In a world where access to justice often depends on money, legal finance makes justice accessible to claimants who would otherwise lack the resources to attain it on their own. Eighty-one percent of low-income Americans do not use legal assistance because they cannot afford the high fees associated with civil lawsuits, which some estimates place as high as $50,000 on average in the United States. As a percent of revenue, U.S. companies spend four to nine times more on litigation than their counterparts in foreign jurisdictions.

The high cost of litigation provides well-funded defendants with an overly potent weapon: financial asymmetry. Unrepentant defendants may engage in a costly war of attrition intended to exhaust and overwhelm a plaintiff’s limited resources. As a result, many individuals or companies may choose to defer or even abandon legitimate claims if they are unlikely to be able to provide for their families or keep themselves solvent while the litigation plays out in court.

Faced with the prospect of forfeiting their chance to redress their grievances, individuals and companies need a stakeholder in the outcome of litigation – a “law banker” to help plaintiffs monetize the outcome of their claims so they can afford the high costs of litigation. Third-party litigation finance provides a more efficient and equitable means of redistributing risk and equalizing the bargaining power of litigants by providing funding to undercapitalized plaintiffs through the use of novel financial products.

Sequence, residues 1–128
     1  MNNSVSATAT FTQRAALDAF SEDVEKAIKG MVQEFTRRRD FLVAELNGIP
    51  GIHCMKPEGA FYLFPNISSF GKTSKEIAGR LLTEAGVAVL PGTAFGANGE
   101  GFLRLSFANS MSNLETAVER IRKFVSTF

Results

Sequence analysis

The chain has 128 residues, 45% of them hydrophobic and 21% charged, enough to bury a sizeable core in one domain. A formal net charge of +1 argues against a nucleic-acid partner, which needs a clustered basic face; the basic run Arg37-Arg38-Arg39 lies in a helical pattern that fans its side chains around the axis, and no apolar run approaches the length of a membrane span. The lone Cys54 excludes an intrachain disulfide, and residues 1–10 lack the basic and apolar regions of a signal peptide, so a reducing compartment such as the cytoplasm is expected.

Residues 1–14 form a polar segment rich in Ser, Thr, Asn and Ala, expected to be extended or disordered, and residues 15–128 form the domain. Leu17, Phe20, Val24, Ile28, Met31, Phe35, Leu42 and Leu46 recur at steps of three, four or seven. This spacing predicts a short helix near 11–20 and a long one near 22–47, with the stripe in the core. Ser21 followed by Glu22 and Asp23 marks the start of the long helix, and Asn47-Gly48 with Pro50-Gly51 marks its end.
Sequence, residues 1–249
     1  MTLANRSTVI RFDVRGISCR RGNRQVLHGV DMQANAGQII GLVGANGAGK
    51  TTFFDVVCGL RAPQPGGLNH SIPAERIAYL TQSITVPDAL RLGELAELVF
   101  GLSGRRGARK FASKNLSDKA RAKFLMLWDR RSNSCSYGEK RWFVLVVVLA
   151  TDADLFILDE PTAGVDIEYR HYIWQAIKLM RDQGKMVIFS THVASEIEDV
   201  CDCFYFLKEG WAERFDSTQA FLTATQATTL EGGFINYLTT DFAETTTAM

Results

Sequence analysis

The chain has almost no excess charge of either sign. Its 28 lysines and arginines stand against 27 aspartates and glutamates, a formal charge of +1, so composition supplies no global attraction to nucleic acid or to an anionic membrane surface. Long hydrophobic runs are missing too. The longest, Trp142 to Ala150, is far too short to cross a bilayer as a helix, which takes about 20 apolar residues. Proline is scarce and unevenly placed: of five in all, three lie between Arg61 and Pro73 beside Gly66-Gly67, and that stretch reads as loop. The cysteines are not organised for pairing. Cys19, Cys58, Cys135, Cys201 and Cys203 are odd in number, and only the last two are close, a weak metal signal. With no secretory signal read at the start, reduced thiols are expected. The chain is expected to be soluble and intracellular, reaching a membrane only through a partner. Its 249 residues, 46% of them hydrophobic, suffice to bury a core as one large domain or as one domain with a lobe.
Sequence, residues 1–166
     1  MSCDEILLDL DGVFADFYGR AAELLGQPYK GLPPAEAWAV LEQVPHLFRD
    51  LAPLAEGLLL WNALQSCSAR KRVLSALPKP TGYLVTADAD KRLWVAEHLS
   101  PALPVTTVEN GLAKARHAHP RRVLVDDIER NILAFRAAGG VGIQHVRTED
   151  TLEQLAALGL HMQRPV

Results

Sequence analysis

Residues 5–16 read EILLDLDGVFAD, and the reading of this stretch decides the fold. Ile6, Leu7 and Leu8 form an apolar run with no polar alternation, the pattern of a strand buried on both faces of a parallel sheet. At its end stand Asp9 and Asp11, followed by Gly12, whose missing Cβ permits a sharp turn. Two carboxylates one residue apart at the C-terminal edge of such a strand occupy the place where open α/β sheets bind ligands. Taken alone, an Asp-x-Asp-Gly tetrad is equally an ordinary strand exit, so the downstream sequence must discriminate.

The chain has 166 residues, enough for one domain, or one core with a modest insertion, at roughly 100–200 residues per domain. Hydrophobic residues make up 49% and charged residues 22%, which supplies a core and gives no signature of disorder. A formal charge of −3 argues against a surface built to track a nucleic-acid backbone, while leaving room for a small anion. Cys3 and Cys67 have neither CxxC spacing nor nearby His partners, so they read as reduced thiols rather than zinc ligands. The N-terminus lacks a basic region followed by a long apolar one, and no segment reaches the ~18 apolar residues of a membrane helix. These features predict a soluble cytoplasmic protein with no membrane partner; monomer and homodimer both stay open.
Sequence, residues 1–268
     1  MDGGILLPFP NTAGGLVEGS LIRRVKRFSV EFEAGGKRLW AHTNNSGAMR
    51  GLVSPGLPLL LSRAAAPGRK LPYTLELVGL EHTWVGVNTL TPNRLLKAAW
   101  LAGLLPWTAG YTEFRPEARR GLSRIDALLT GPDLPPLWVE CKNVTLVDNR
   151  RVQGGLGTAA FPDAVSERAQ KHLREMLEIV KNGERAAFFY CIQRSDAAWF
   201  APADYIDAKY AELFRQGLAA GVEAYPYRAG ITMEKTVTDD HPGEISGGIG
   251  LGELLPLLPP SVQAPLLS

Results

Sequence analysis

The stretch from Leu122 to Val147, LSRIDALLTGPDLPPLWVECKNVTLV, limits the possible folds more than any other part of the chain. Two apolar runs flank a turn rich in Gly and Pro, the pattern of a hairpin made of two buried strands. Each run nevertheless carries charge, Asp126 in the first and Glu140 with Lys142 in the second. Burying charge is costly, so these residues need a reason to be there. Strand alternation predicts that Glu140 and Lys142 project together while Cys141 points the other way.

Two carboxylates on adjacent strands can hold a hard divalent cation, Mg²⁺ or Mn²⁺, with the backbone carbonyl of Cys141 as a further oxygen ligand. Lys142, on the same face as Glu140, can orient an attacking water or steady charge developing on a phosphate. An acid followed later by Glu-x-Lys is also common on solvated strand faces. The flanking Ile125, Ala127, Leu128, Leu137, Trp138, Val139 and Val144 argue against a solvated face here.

What is Litigation Finance?

At its most basic level, “litigation finance” is the practice where a third-party unrelated to the subject matter of a lawsuit provides money to a party involved in litigation to help further that party’s objectives in the legal claim in return for a financial reward. The capital provided by lawsuit investors may help individual plaintiffs pay for living expenses or directly pay for some of the costs of litigation, including attorneys’ fees, expert witness fees, court costs, and other expenses associated with a lawsuit. Capital from a legal finance provider may be used to fund operating expenses for companies involved in litigation. It can also be provided directly to law firms to finance their operations. The financial reward for investors can take different forms, including a flat fee, a multiple of the amount advanced, a percentage of the amount recovered, an interest rate when it is a loan to a law firm, or some other basis of compensation.

The History and Evolution of Litigation Finance

Various forms of third-party lawsuit investing have endured in the United States for many years. Patent investing involves the enforcement of patent rights by filing patent infringement lawsuits against anyone who uses commercially similar technology without paying royalties. Many investors who acquire or sell short stocks in companies party to a lawsuit do so with the expectation that the stock price will go up or down, depending on the lawsuit outcome. Direct lawsuit financing has been permitted since the NAACP provided the first direct lawsuit financing for civil rights litigation in the 1960s, so long as the funding organization does not control the litigation. Waterbed inventor Charles P. Hall successfully sued infringing manufacturers for $6.8 million in damages using a war chest of $750,000 obtained from his investors.